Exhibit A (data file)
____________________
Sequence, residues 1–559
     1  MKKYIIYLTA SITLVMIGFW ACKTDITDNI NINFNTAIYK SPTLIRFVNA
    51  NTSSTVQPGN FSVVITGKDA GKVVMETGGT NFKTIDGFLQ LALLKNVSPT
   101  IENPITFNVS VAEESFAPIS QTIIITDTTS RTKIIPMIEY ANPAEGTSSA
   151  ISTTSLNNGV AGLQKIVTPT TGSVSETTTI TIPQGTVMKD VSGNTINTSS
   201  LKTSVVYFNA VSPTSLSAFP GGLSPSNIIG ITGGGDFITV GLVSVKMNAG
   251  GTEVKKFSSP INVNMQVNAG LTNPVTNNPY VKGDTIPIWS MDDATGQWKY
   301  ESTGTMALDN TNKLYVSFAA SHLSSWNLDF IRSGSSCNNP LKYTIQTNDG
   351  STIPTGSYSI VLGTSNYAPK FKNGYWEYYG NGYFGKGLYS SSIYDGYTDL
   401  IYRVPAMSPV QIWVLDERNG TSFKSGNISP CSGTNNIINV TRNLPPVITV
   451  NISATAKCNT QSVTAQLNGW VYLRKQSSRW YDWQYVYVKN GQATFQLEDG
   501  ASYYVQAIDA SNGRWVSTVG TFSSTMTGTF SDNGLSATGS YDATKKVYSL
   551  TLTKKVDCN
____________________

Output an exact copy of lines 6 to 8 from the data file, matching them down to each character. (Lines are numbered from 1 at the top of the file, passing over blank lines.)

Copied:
   201  LKTSVVYFNA VSPTSLSAFP GGLSPSNIIG ITGGGDFITV GLVSVKMNAG
   251  GTEVKKFSSP INVNMQVNAG LTNPVTNNPY VKGDTIPIWS MDDATGQWKY
   301  ESTGTMALDN TNKLYVSFAA SHLSSWNLDF IRSGSSCNNP LKYTIQTNDG